My Confused Thoughtz

September 26, 2008

Mine... Yours... Our... INDIA

Scenes from India - The Big Picture -

Any and every Indian should take a look at the above link. I mean it! My words and writings will be insufficient and will definitely not do justice to explain the pictures and thought process behind each and every one of the 34 pictures. Beautiful/unprocessed photography with a meaning is hard to find today but each one of these pictures exemplify every thing that India is today... and of course leaves behind a question... do you want India to be like this in the future?

I hail from Mumbai. As a result I know and have actively participated in the delightful moments and intricacies of the 'Ganesh Chaturthi' and the 'Janamashtami' festival. These festivals although well celebrated across the country hold special and large scale attention in Mumbai.

Now, I am not going to bore you with dates, facts and figures and cultural history of these festivals (You might as well find it on Wiki).I want to write about how these festivals affect the common household (mine being one of them).

Janamashtami -
You all know this is Lord Krishna's birthday. So, we are supposed to be ready by early morning (9:00 - 9:30 in my view is early). My mother informs me: "You are supposed to fast today. No salty items/no chocolates". "Yipee!!!", I say. Confused eh? Well it goes like this. A fast for us Gujjus is a whole day with the best of goodies that can ever be found. It includes fruit salad with the tastiest of fruits, special home made sweets (Kheer/Shreekhand/Laddoos/Halwa etc. etc.), special fasting food called 'farshan'... The whole day goes like this. In the end I end up eating more than I ever do on a normal day. Best way to celebrate Lord Krishna's birthday isnt it? Anyway he stole so much curd and all so he doesnt have any right to complain! Of course this way of fasting is just me and other kids who dont fast rigorously. Older people do it on a stricter scale and more religiously (but we'll leave it to them okie).

So now, comes the main part. Filling millions of balloons with water and making them ready. This is for the 'Govindas' (24th and 25th picture in the site). It goes like this: Societies tie a handi/matki (filled with curd/milk/sweets) across 2 buildings or at the top of the tree(It is quite high up; The highest in Mumbai goes upto the seventh or eighth storey). Then a group of Govindas (Krishna devotees) are invited to the building and their job is to make human pyramids and break the matki. Whilst doing this the residents of the building make it harder for them to reach the matki by throwing water ballons/milk balloons/buckets of water with such force that they loose their balance and fall. This is a team effort from the residents of the entire society.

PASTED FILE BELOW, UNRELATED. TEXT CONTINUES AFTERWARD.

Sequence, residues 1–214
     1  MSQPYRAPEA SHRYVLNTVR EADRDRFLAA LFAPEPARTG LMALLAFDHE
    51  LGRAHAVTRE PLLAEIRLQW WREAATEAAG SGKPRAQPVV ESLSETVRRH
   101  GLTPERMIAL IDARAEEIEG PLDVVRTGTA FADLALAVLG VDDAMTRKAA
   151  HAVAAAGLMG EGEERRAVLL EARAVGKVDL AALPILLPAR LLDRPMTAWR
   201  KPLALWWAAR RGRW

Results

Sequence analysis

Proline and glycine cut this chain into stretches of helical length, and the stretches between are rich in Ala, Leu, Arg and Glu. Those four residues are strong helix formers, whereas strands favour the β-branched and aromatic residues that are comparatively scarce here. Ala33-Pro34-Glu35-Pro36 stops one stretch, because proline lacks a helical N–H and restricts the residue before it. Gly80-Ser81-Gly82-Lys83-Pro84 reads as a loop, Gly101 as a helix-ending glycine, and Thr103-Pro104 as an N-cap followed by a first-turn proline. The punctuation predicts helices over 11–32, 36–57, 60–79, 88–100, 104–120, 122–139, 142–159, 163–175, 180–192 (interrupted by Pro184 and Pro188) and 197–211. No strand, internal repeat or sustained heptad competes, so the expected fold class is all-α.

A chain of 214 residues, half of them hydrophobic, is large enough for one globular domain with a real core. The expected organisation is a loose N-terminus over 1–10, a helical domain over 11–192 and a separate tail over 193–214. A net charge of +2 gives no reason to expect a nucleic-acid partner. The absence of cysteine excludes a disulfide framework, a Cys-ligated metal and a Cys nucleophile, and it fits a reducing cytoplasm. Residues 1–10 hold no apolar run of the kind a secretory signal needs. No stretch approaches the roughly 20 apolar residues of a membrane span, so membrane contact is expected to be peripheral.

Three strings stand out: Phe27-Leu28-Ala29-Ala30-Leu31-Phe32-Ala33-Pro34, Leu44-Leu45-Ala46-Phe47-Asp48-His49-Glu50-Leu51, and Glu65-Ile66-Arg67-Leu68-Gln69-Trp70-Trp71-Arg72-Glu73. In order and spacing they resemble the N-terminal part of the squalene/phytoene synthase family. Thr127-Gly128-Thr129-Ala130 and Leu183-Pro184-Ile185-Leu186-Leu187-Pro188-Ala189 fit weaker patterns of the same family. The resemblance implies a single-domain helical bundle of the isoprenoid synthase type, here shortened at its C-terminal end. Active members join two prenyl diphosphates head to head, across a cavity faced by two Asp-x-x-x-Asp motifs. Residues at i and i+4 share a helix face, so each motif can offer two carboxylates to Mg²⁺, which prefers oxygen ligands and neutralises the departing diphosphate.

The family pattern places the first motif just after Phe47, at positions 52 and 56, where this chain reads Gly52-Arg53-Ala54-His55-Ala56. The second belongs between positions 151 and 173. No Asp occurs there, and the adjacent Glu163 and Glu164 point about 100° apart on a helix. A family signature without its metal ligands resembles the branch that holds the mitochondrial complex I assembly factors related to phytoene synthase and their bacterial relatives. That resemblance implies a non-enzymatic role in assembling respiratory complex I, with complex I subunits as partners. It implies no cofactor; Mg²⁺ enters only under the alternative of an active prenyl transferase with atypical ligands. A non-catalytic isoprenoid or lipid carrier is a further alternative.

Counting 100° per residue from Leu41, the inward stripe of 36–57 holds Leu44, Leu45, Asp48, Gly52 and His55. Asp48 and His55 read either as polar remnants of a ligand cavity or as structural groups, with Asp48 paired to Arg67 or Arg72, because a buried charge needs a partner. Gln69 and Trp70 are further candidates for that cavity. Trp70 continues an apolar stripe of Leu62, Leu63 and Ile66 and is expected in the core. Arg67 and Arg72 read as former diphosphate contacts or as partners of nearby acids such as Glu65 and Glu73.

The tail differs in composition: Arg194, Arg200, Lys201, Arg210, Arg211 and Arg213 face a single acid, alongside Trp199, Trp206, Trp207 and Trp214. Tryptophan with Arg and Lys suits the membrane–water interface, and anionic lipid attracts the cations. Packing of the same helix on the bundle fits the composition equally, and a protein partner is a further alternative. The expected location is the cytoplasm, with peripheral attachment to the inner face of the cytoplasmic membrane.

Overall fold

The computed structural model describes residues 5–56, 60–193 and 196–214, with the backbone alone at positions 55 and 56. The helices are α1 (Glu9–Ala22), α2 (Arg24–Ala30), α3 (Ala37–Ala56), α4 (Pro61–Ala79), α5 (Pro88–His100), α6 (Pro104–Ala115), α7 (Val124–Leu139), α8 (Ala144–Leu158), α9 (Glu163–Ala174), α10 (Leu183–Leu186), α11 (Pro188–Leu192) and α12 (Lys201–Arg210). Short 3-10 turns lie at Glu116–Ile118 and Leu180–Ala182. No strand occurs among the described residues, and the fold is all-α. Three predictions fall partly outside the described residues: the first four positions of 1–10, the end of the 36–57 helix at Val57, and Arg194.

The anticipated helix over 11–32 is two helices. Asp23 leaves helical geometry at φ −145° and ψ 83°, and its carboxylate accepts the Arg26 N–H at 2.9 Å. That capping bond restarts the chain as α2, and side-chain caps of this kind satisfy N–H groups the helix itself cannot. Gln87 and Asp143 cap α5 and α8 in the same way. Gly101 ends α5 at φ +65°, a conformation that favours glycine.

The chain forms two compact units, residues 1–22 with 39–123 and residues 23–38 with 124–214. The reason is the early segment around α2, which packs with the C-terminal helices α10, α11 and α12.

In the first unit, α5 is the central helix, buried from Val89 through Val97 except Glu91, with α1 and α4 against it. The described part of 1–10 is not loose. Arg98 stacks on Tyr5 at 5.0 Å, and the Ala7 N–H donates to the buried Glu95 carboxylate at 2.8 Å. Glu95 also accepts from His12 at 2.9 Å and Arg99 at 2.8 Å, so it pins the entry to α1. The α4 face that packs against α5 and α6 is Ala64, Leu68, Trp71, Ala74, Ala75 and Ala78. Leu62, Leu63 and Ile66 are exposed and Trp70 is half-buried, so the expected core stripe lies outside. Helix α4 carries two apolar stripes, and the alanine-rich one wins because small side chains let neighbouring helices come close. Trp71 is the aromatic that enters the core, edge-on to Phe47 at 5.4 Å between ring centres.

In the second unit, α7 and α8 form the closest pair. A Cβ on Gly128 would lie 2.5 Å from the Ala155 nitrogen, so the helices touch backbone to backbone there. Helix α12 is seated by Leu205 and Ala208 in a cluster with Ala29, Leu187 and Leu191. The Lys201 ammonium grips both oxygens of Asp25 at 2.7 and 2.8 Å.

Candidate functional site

I stay on the eighth floor. Pretty cool and very advantageous. So the kids of the eighth floor group together (we were four rascals) and we sit together and analyse our strength (number of balloons we have bought the previous day). We divide them equally and then each one goes to their bathrooms and start filling up their balloons with water. A pretty tedious process I assure you especially for the mothers whose clean house early in the morning now looks like a mini Pacific Ocean. We would have just finished the preparations when we hear: 'Govinda Aala Re aala..." and we run to our balconies only to find out that they would be in the neighboring society. We watch gleefully and wait for them to come to ours. They do and with all pomp and show. They dance, they fool around and they sing songs. At this time the music is relaxed. Suddenly you hear a difference in the music being played. It gets more concentrated and faster. Our heart beats start racing (as mine is right now while typing this and visualising the scene). This is a cue for the 'govindas' to start the process of 'breaking the matki'. They form the first layer, then the second more experienced people climb and form a layer on top of them, then the third. Now, is the precise time to start raining balloons and water. The smallest and lightest of them all climbs the final tier and slosh! a racing balloon from an experienced thrower throws him off his balance and down he goes tumbling taking the tier with him.

They dance a little again and start the process all over. This goes on three-four times depending on when our balloons and expertise get exhausted or when they get the better of us. Finally, they break the matki finish the curd and milk and with the same enthusiasm and procession make their way out to another building.